I’m starting to sound like an old man because I find myself saying things only old men say. Things like, “Get off my lawn!”, “Slow down you little punk!” and “If you can’t do something well, why are you doing it at all?”
Case in point: my recent lunch at Buca di Beppo. Buca is a chain of very colorful, slighly irreverant, highly tasty Italian restaurants. For a chain, the food is really pretty good. But this isn’t about the food.
One of the fun, quirky things Buca has always done is parade you through the kitchen as they escort you to your table — it’s part of the experience. It’s intended to be fun and interactive, and probably keeps the kitchen staff from swearing like a bunch of drunken sailors. I absolutely love this idea. In addition to the good food and interesting decor, this single act really made Buca stand out from the crowd.
But not this past Sunday. Yes, it was Easter Sunday. Yes, they were busier than normal. And I also heard the hostess say they were short-staffed. Which is why I shouldn’t have been surprised when our server sped thorugh the kitchen like a hard-core mall walker. She stayed about 4 steps ahead of us and never really looked back as she pointed out the bread station, the cooking area, the “owners table” (not really the owners eating there, just plain folk like us), and about three other kitchen highlights that I missed because I was breathing too hard from trying to catch up to her. My 7 & 9 year old kids looked like they had just fallen down the rabbit hole with Alice and they were desperately trying to understand what the rabbit was trying to tell them.
When we reached our table, we were a bit dazed & confused. My wife shot me a look that said, “Was that as bad as I think it was?” I shot her a look back that said, “No, it was worse.” When you’ve been married for 19 years, you develop the ability to communicate without words. It’s one of perks of being married a really long time to somebody you love with all your heart.
Hey, we’re all short-staffed right now. We’re all trying to do more with less. And that’s the problem. We literally cannot do everything we used to do, but we keep trying. The result is a rapid decline in our level of service because we don’t have the time, money, or people to provide all the things we used to. Why are we doing this to ourselves?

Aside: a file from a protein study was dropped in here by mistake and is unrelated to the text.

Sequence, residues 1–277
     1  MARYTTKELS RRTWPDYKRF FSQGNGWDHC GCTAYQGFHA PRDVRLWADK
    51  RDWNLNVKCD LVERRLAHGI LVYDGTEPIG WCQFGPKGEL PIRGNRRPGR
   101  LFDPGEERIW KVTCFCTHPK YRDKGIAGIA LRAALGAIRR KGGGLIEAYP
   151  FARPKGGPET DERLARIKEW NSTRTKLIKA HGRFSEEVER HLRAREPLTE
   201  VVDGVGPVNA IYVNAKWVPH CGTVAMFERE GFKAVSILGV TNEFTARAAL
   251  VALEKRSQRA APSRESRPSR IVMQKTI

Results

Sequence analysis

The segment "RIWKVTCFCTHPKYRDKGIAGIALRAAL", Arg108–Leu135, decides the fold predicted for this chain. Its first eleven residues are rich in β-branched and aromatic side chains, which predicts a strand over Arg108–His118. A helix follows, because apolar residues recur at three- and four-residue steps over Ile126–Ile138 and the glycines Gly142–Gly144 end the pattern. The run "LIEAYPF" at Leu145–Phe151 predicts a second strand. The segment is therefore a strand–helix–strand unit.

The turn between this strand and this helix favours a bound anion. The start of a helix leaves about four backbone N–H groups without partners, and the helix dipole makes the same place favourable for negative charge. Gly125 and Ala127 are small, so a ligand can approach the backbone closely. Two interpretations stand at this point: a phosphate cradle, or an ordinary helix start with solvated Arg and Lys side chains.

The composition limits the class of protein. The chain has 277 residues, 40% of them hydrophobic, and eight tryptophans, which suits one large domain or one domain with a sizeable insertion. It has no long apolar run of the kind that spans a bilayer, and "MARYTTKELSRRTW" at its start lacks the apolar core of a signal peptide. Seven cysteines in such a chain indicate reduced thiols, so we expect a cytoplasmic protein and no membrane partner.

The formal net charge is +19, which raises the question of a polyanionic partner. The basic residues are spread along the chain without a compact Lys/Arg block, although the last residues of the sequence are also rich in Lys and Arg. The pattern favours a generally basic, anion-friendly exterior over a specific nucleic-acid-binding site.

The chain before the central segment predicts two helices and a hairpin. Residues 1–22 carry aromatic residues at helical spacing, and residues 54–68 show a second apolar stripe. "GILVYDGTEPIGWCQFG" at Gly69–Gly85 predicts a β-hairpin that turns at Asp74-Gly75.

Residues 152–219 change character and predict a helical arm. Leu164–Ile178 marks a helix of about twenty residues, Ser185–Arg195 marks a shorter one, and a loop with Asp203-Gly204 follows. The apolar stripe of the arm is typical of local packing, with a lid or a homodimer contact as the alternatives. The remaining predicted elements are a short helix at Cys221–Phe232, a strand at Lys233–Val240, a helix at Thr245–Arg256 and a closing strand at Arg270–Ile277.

More importantly, why are we doing this to our customers?
Seriously, as much as I love the idea of the kitchen tour, I would rather NOT have it than to chase the rabbit down the rabbit hole like we did. Something that was meant to be unique and fun instead became bewildering and the subject of an article on customer service.
At sparkspace, we’re forced to do more with less right now just like you are. We love, live, and breath customer service. We work daily to invent new ways to serve you. But right now, we can’t do everything we want to do, so we’ve had to (temporarily) let a few things go in order to have enough time, energy, and resources to do the things we still do, and to do them really well.
Here’s how we’re avoiding creating customer service failures right now. You can do the same things.
1. We’ve developed a list of the various components of our business that are critical to our success. For us, it’s reservations, operations, programs, catering, finance, and marketing. Your list should be specific to your business.
2. Under each area, we’ve listed FIVE OR FEWER things that we need to be really, really good at right now. For instance, under reservations, we listed that we need to be uber-good at responsiveness and we need to answer the phone every time in two rings or less. You’ll probably notice that your lists are not much more than the basics.
3. We read and re-read our lists. Then we allow ourselves to forget (temporarily) all those other cool things we used to do and focus on this list while our resources are limited. It helps to understand that this will not last forever.
Even when things are going great and we have all the money and resources that we need, we should never, ever forget to focus on the basics. If we don’t get the basics right, even the world’s best kitchen tour won’t be enough to create the kind of customer loyalty that we all desire.
So the moral of today’s article is: If you don’t have the resources you need right now, get out of the kitchen! And go back to doing the basics, really, really, REALLY well.